Moloch The Owl God

The True History Of Moloch, The Ancient God Of Child Sacrifice

Published October 2, 2021
Updated July 27, 2022

Condemned by biblical prophets and Roman senators alike, few pagan deities were as reviled as Moloch, a god whose bronze body was a furnace used for sacrificing children.

In ancient times, sacrifice might have been utilized in times of great strife. Child sacrifice, in particular, might have been utilized in hopes of fertility, but when it comes to the gruesome nature of this sacrifice, one cult stands out from the rest: the cult of Moloch, the alleged Canaanite god of child sacrifice.

The cult of Moloch, or Molech, is said to have boiled children alive in the bowels of a big, bronze statue with the body of a man and the head of a bull. Offerings, at least according to the Hebrew Bible, were to be reaped through either fire or war — and it’s rumored that devotees can still be found today.

Early Mentions Of Moloch, The God Of Child Sacrifice

Moloch

Wikimedia Commons18th-century depiction of the Moloch idol. It was believed these statues had seven chambers, one of which was reserved for child sacrifices.

Although historical and archaeological communities still debate Moloch’s identity and influence, he seems to have been a god of the Canaanites, which was a religion born out of a combination of ancient Semitic faiths.

What’s known about Moloch largely comes from Judaic texts outlawing the worship of him and the writings of ancient Greek and Roman authors.

The cult of Moloch is believed to have been practiced by the people of the Levant region from at least the early Bronze Age, and images of his bullish head with a child burning in his belly persist until the medieval times.

His name likely derives from the Hebrew word melech, which usually stands for “king.” There are also references to a Molock in Ancient Greek translations of old Judaic texts as well. These date back to the Second Temple period between 516 B.C. and 70 C.E., before the Second Temple of Jerusalem was destroyed by the Romans.

Tophet Of Salammbo

Wikimedia CommonsStone slabs in the Tophet of Salammbó, which was covered by a vault built in the Roman period. This is one of the Tophets Carthaginians would sacrifice children in.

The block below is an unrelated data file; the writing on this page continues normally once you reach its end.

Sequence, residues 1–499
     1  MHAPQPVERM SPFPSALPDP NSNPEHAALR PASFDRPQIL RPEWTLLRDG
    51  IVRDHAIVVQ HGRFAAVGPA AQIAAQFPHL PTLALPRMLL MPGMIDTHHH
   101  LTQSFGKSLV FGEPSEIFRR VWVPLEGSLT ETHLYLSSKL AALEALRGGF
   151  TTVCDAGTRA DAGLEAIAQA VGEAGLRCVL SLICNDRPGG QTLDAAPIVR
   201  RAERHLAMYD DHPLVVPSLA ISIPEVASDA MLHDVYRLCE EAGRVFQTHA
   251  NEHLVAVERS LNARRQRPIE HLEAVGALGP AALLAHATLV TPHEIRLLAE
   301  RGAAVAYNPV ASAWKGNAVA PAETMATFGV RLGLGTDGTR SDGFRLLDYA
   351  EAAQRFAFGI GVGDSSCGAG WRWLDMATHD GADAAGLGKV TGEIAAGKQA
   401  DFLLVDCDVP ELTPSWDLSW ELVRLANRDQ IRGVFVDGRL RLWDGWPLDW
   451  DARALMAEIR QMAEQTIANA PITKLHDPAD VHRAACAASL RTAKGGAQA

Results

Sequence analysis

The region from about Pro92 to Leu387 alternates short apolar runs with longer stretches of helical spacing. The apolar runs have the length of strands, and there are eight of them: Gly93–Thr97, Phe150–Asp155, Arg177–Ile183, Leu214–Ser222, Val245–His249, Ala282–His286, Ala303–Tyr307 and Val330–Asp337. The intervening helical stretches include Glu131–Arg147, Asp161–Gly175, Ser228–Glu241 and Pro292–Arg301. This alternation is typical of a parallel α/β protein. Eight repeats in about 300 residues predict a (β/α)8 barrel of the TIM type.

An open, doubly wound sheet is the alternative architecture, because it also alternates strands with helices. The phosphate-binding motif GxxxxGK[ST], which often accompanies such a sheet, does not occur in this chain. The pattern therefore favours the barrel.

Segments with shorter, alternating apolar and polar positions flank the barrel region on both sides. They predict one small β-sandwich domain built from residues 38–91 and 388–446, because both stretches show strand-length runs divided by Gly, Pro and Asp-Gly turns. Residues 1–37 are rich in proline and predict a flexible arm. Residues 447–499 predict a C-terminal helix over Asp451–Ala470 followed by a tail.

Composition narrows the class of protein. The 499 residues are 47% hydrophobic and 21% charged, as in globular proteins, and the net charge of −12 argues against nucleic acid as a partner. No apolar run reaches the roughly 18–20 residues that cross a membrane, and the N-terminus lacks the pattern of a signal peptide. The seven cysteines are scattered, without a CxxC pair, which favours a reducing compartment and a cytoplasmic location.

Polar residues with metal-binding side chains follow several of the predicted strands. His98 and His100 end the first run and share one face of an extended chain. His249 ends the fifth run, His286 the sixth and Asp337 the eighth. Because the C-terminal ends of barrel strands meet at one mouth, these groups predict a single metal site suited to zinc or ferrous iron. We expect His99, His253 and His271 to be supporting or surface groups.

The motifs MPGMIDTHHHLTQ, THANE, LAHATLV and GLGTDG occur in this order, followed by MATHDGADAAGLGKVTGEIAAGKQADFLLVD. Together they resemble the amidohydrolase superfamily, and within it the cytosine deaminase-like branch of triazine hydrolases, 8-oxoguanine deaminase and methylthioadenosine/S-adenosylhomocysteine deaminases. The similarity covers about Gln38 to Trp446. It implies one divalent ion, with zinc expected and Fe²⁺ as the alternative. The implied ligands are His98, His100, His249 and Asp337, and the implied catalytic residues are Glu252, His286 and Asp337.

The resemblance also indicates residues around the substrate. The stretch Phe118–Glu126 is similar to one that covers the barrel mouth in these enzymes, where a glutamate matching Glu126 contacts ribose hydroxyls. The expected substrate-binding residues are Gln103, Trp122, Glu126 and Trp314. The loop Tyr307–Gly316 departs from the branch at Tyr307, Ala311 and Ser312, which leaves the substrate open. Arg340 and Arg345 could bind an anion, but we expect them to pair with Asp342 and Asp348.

Moloch is most frequently referred to in Leviticus. Here is a passage from Leviticus 18:21, “And thou shalt not let any of thy seed pass through the fire to Molech, neither shalt thou profane the name of they God: I am the LORD.”

Passages also refer to children being sacrificed in a Tophet, a special bronze statue internally heated by fire. Medieval French Rabbi Schlomo Yitzchaki, otherwise known as Rashi, wrote an extensive commentary on these passages in the 12th century. As he wrote:

“Topheth is Moloch, which was made of brass; and they heated him from his lower parts; and his hands being stretched out, and made hot, they put the child between his hands, and it was burnt; when it vehemently cried out; but the priests beat a drum, that the father might not hear the voice of his son, and his heart might not be moved.”

Comparing Ancient Hebrew And Greek Texts

An Offering To Moloch

Wikimedia CommonsAn illustration from Charles Foster’s 1897 Bible Pictures and What They Teach Us depicting an offering to Moloch.

Scholars have compared these Biblical references to Greek and Latin accounts which spoke of fire-centric child sacrifices in the Carthaginian city of Punic. Plutarch, for instance, wrote of burning children as an offering to Baal Hammon, a chief god in Carthage who was responsible for the weather and agriculture.

While scholars are still debating whether or not the Carthaginian practice of child sacrifice differed from the cult of Moloch, it’s generally believed that Carthage only sacrificed children when it was absolutely necessary — like an especially bad draught — whereas the cult of Moloch sacrificed more regularly.